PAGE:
Khayelitsha turns 30

| Pharie Sefali and GroundUp staff
Dancers performing in Khayelitsha.

Khayelitsha is officially turning 30. Plans to build Khayelitsha were announced by the notorious Minister of Co-operation and Development, Dr Piet Koornhof, in 1983. By 1985, the suburb Site C had 30,000 people. *

Khayelitsha represented one of the apartheid regime’s last attempts to enforce the Group Areas Act of 1950, which designated separate residential areas along racial lines. Khayelitsha was seen as the solution to two problems; the growing number of immigrants from the Eastern Cape, and overcrowding in Cape Town townships. Koornhof was quoted in the Cape Times on 1 July 1983 saying that eventually all of Cape Town’s Africans would be located in the township. It didn’t seem to both Koornhof that the city’s poorest people would have to travel dozens of kilometres to find work. The name Khayelitsha is Orwellian. Translated from Xhosa, it means “Our new home”.

Piet Koornhof’s huge ears and evasive public speaking were the object of much satire, most famously by Pieter Dirk Uys.

Piet Koornhof’s huge ears and evasive public speaking were the object of much satire, most famously by Pieter Dirk Uys. Despite Koornhof’s racist thinking and actions he was eventually considered a “verligte” in the National Party cabinet. And it was a big media story when he eventually divorced his wife and married a black woman. Koornhof joined the ANC in 2001 and died at the age of 82 in 2007.

According to the 2011 census Khayelitsha is Cape Town’s biggest township with just under 400,000 people. But this could be a substantial underestimate. On the opposite extreme, the Khayelitsha Development Forum (KDF) estimates that the township has 1.5 million people, which is likely a vast overestimate.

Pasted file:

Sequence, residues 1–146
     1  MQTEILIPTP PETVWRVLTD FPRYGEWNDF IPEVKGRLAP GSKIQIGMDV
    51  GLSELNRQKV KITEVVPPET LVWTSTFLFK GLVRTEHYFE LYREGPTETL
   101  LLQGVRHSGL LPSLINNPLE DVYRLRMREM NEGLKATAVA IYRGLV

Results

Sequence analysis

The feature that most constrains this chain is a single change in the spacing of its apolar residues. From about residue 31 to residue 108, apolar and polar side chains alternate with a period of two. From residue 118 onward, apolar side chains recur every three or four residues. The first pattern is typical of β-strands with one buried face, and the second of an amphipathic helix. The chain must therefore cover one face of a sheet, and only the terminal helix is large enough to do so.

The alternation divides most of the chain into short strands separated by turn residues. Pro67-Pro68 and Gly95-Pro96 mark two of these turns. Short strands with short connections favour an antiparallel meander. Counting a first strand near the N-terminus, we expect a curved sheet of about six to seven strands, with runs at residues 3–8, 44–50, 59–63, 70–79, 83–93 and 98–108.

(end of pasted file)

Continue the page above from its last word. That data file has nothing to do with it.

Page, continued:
N&S Events Management together with the KDF and Khayelitsha Community Trust (KCT) have invited the public to participate in celebrations that will take place from 24 October to 3 November.

“The 30th anniversary is Khayelitsha’s milestone event that amongst other things will build social cohesion and pride, while also celebrating 20 years of democracy. The event will draw together community, business, youth organisations, media, visitors and tourists to celebrate Khayelitsha’s heritage and diversity,” said Samkhumzi Nobatana, spokesperson for the event.

The anniversary will be staged at venues in Khayelitsha, with the main event in site C because it is the oldest area.

The programme includes music, sports, dance, drama, exhibitions of art and craft and local products, an outdoor area for food and drink, as well as local businesses exhibiting their services and products.

Nobatana says the anniversary is a way to contribute to the long term development of Khayelitsha’s economy and to build ubuntu within the community.

Sinazo Nkosi, a resident, said that such events will bring the community together because they are so rare. “People have negative thoughts about Khayelitsha because of poverty and the high level of crime. So such positive things provide hope and motivations. The event will enable people of Khayelitsha and surrounding areas to come together in a fun, relaxed environment mixed with positive spirit. We would like everyone to be involved in the success of this event. If people want to contribute by sponsoring or by donating towards the event, they are welcome to do so. We would appreciate all the support we can get.”

GroundUp asked residents in Khayelitsha why they would celebrate the 30th anniversary.

Pamela Siphika

Pamela Siphika - “Khayelitsha is a big area and it has a foundation of poverty and disadvantaged people. But even though that is the case people, in the community are survivors. They show strength against the odds. We try by all means to be positive and strive, so that is why I will celebrate the 30th anniversary.”

Phoswa mondi

Phoswa Mondi - “I am not 100% happy in Khayelitsha because there are many problems. There are gangs and I stay in a shack … The only reason I will celebrate the anniversary is the fact that it has shown some sense of development because we now have access to some resources unlike 10 years ago. Today we have malls, shopping centres, internet cafés etc.”

Cilia Ngubo

Cilia Ngubo - “In Khayelitsha you meet different people who have positive visions and the community is accommodating. People here are friendly and they give a sense of Ubuntu. It deserve the celebration.”

Thembinkosi Qondela

Thembinkosi Qondela - “I am proud of the people in Khayelitsha. They are resourceful even though there is little investment in them. I hope the celebration will bring more investors for them. Nevertheless Khayelitsha has its own special vibe.”


To find out more about the events for the 30th anniversary, contact Sakhumzi Nobataba on 076 886 2781 or sakhi [at]

TOPICS:  Society

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